MIDLAND, Texas—On a 95-degree April day, a florist named Jenny Cudd parked her red pickup and strode up to the local FBI office, her Let’s Go Brandon earrings swinging. She was there to pick up two phones that the authorities had seized—“stole,” according to Cudd—after she stormed the Capitol on January 6, 2021.
An agent named Scott greeted her briskly and slid the phones across the desk. He seemed torn between West Texan politeness and West Texan toughness-on-crime.
“How’s the flower business?” Scott asked.
“Great,” Cudd said dryly.
“Good luck … with the rest of your life, I guess,” he said as Cudd walked out.
“What a stupid thing to say,” she tweeted later. In the replies, her followers advised her to throw the phones away—the feds had probably bugged them, they speculated.
This is just how Cudd, 38, is acting these days, nearly 18 months after the Capitol siege: following the law, but alleging it’s biased. Saying she regrets her actions, but indignant at her treatment. Claiming to put January 6 behind her, but vowing to keep fighting.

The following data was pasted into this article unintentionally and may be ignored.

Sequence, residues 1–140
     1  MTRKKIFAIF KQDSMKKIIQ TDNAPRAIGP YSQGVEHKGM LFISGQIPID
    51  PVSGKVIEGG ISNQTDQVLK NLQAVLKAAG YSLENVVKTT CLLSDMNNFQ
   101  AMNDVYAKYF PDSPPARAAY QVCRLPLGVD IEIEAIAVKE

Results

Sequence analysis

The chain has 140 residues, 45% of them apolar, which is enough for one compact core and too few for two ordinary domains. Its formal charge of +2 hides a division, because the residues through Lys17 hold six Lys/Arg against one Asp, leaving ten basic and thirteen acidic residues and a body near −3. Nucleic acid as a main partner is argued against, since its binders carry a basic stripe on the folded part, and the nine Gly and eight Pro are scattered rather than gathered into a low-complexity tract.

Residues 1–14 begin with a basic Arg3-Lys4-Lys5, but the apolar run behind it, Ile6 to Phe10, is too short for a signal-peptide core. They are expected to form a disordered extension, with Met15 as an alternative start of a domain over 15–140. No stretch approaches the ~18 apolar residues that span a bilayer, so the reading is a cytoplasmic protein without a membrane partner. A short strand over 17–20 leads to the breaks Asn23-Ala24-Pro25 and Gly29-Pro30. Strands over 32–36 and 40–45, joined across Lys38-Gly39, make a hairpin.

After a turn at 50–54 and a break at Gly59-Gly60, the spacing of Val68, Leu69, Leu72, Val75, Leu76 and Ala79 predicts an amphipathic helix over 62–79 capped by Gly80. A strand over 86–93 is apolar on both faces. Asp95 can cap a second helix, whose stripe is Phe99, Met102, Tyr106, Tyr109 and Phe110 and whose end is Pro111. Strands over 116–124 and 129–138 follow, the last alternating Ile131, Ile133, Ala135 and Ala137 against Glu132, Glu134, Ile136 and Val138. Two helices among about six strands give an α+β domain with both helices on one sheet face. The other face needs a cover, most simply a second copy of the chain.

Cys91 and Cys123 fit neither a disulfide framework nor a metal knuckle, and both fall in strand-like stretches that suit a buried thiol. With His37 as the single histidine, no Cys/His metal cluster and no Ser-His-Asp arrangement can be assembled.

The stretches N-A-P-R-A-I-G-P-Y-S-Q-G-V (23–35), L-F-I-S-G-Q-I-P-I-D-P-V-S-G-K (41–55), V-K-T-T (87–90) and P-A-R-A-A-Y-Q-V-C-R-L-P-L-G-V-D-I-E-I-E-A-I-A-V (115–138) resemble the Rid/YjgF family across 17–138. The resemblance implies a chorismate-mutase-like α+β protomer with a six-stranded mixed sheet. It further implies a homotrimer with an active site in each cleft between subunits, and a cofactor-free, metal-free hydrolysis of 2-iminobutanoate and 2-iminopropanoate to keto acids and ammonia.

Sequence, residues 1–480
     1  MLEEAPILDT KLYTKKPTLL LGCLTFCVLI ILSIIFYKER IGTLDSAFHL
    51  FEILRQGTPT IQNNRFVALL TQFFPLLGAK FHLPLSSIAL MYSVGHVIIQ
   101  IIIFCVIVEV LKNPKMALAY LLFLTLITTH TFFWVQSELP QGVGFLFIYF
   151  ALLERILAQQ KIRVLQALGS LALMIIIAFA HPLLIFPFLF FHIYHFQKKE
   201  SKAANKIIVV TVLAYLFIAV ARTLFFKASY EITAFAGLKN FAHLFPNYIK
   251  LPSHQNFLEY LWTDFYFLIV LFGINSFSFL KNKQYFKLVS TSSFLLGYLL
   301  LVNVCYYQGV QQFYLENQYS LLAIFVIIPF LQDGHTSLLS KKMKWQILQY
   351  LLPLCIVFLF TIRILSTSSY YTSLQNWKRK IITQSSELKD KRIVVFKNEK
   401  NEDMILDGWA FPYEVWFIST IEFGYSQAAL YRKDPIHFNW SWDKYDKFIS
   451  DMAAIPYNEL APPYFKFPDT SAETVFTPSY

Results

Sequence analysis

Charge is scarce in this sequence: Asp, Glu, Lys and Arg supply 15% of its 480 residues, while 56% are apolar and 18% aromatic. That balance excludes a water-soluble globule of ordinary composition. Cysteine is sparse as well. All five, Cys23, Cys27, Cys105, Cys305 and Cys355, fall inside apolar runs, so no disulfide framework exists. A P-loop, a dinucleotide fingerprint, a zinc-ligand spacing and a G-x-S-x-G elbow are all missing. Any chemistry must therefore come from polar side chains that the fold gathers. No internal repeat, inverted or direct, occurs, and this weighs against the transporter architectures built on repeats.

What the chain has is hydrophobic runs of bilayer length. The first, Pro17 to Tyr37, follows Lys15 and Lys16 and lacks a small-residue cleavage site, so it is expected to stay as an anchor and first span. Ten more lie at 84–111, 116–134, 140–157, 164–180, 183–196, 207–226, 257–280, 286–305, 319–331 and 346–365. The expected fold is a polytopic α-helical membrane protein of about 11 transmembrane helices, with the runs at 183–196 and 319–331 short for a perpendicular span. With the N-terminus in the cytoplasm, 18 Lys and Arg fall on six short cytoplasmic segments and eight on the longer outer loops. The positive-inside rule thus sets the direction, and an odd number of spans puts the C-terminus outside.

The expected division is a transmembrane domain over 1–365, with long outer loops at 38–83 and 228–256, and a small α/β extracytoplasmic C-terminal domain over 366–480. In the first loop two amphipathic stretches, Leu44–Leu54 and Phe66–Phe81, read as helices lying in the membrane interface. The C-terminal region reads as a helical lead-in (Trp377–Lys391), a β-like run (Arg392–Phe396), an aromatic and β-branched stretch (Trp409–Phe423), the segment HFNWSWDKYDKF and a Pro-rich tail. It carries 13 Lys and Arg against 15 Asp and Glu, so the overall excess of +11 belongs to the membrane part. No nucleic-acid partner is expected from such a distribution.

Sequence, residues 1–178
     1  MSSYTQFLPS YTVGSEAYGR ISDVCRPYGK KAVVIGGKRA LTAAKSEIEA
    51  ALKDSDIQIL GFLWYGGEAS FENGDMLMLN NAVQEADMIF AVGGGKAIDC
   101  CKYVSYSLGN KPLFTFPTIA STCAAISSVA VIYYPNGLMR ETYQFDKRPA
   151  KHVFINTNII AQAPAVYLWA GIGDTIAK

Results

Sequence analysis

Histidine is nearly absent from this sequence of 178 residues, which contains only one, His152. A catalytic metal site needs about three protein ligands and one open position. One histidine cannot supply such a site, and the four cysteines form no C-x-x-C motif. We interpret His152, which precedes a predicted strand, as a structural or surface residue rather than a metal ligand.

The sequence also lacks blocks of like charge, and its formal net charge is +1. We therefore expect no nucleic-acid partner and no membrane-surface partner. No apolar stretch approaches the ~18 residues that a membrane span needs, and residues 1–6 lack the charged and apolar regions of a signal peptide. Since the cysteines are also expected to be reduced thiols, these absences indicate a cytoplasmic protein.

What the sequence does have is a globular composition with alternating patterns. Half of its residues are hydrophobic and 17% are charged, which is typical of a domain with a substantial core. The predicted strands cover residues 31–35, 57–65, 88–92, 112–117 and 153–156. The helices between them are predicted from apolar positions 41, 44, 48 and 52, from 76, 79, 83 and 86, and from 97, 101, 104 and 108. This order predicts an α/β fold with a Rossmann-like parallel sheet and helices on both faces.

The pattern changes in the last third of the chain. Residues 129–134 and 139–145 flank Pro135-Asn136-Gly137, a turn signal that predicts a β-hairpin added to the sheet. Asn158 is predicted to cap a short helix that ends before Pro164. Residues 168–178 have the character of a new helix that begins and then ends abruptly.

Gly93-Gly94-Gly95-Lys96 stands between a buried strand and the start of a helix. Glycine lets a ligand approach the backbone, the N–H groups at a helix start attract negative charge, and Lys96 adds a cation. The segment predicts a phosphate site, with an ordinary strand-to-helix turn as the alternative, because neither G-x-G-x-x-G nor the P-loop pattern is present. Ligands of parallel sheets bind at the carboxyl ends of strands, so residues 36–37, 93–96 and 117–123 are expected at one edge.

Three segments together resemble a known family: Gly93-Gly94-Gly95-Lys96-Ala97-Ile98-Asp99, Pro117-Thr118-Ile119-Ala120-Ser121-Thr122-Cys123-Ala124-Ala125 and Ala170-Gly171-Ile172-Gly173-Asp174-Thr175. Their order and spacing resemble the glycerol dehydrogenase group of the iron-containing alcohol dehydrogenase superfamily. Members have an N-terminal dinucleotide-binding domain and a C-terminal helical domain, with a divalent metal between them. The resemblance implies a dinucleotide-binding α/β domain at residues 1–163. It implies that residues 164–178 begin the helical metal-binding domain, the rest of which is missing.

Cudd is serving no jail time after pleading guilty to a misdemeanor charge. Her life is back to normal. She wakes up in a modest old house and has two cups of coffee with her dogs, Freedom and Justice. Then she heads to her shop, Becky’s Flowers, where customers are greeted with pastel-hued hydrangeas alongside pocket Constitutions, a Donald Trump bobblehead doll, and a painting of Trump holding a vase of flowers. She inputs orders for prom corsages and funeral wreaths while drinking from a mug that says blood of my enemies. In the next room an employee named Mo calls customers to remind them that it’s almost Mother’s Day.
Rather than chastening her, Cudd’s experience since January 6 has only made her more committed to fighting what she sees as election fraud—and more dedicated to educating others about the cause. Though she swears she won’t unlawfully enter any government buildings again, she still thinks the 2020 election was stolen from Trump. And she has become an organizer of the MAGA right in her area, bringing together people from all over West Texas to hear fringe figures pontificate on a range of conspiracies.